Beatrice N. Carney passed away on January 28 at the age of 99 (her obituary can be found at the end of this article). Her accepted publication for Clavier Companion was written when she was 97 years old, submitted when she was 98. Her daughter wrote, informing the editors of her passing. It is our privilege to honor Bea's memory here, with her Tips for teachers. These days, ageism can still wield a sharp sword in an otherwise PC world, so let this article remind all of us of the wisdom that can be found in living life fully. drs

These are some of the teaching tips I have shared with both new and experienced teachers in my workshops over the years. I am delighted to have this opportunity to share them with you in this article and would be so pleased to hear from you with any of your TIPS FOR TEACHERS. These are not necessarily new tips from me; many were gleaned from my years attending workshops, conferences, and masterclasses. 

What a wonderful profession we have. At the age of 97, I still see the faces of boys and girls of every age who crossed my threshold and entered into the wonderful world of music. Eager, full of life, and presenting every imaginable variety in personality and proficiency! How we love them all, and what a joy it is to see them grow in their mastery of the piano as they learn to love and appreciate music's essential beauty and truth. For each new student, we create the atmosphere in which this growth takes place—beginning at the very beginning.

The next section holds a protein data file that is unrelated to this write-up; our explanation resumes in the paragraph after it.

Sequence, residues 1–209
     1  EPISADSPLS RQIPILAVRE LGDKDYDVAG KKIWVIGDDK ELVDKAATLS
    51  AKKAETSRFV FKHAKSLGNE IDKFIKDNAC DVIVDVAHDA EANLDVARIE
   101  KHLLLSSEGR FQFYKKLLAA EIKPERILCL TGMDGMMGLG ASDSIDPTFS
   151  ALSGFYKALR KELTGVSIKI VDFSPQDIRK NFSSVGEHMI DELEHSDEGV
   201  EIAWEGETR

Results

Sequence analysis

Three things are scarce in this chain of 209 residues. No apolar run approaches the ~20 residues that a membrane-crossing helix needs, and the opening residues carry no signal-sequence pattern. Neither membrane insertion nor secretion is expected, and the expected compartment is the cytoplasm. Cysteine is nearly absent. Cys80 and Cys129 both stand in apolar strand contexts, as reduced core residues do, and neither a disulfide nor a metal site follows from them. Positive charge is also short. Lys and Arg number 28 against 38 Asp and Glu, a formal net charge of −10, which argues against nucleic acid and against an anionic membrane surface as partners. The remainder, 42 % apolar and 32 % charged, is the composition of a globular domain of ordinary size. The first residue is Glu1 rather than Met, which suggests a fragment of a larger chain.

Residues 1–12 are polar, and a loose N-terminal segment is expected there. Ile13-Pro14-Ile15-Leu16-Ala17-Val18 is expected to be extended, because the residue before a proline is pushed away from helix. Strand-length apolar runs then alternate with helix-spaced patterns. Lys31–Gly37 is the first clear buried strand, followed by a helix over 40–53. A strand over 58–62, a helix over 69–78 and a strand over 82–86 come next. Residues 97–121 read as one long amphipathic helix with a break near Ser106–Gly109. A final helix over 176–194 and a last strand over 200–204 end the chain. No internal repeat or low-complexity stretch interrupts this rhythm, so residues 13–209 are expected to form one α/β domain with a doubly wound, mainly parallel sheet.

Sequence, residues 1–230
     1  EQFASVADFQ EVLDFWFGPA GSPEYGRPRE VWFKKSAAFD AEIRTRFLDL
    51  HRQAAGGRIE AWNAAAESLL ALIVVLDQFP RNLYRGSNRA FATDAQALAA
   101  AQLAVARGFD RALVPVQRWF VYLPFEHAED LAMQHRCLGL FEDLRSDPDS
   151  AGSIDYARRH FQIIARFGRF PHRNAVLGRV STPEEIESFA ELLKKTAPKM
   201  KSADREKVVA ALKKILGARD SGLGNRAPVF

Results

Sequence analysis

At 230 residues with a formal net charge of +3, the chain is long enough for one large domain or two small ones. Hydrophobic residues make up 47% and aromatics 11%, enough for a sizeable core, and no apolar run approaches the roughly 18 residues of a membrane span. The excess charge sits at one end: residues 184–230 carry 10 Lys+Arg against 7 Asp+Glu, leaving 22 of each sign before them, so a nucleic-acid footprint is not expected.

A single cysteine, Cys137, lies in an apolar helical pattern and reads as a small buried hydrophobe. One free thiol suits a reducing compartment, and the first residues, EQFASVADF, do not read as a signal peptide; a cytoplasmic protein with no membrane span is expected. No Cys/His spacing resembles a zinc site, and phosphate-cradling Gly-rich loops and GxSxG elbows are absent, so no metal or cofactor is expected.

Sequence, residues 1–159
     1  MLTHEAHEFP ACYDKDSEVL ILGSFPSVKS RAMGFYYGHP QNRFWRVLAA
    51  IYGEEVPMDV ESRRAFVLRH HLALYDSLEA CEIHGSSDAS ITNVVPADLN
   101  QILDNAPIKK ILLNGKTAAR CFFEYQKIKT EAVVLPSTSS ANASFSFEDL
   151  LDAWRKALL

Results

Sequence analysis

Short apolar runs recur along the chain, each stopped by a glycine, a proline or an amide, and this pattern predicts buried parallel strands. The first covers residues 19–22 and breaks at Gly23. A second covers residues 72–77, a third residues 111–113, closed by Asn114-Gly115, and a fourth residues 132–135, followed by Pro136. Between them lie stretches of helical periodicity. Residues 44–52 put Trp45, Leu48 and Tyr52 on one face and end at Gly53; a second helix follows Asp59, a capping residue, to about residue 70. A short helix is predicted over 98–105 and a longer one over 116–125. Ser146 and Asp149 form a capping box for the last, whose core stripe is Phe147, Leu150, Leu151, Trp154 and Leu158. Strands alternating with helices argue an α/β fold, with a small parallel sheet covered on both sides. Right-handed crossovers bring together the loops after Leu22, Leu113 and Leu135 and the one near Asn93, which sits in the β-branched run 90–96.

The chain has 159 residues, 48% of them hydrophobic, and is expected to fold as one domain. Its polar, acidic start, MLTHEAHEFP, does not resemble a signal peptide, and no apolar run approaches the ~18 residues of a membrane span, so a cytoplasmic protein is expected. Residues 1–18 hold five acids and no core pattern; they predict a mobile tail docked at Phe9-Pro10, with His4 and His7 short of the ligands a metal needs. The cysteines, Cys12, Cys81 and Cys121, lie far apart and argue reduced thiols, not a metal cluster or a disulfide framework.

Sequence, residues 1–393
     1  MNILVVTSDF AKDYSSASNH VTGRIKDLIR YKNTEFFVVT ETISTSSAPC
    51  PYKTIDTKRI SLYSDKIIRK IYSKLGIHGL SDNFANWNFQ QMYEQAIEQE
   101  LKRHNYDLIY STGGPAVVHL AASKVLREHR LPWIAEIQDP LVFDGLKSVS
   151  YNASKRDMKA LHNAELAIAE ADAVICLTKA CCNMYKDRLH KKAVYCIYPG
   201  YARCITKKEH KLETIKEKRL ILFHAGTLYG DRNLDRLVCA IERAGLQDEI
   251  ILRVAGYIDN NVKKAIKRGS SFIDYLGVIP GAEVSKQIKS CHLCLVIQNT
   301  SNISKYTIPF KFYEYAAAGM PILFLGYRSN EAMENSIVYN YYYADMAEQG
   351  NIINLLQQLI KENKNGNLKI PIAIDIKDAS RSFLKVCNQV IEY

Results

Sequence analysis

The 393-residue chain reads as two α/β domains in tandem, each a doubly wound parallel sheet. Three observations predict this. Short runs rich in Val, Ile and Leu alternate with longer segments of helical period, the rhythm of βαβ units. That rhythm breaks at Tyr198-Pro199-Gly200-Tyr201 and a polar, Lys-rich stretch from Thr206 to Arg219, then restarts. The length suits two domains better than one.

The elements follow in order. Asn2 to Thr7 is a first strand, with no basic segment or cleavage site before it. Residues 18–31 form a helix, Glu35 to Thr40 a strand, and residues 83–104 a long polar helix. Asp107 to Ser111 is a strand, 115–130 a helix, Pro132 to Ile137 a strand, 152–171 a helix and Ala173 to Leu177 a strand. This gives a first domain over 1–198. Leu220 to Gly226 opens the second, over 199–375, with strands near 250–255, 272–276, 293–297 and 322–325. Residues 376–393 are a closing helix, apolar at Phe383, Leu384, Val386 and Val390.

Tips for the first meeting with parent(s) of a new student 

Communicating with Parents

  • Meet with parent(s) before first lesson.
  • Be clear about your expectations on practice, payments, punctuality, and how missed lessons are handled.
  • Ask about their expectations.
  • Earn their respect—you're in the driver's seat!
  • Tell them you need to be informed of extenuating circumstances as they relate to the child/student (sick child, pet died, etc.)
  • Encourage parents to stay for lessons and take notes.
  • Ask about student allergies.

Tips for the first lesson with a new student


  • Welcome the student warmly.
  • Provide time for familiarity with surroundings—let student have time to explore the studio and ask questions.
  • Be certain the piano bench is adjusted properly. Let the student help.
  • Be certain the piano bench is adjusted properly. Let the student help.
  • Demonstrate how the strings and hammers inside the piano work.
  • Let the student experiment with the pedals.
  • Demonstrate how the metronome works.
  • Always ask new students why they want to learn how to play the piano.
  • Talk briefly about your own expectations—that the student will come with a prepared lesson, clean hands and short fingernails.
  • Show where your bathroom is.
  • You may also tell a little about your family and ask about the student's family, whether they have siblings or pets or are involved in additional pursuits.
  • Always remember that everything is NEW to a student at the first lesson, and what the student hopes is that you will be cheerful and friendly.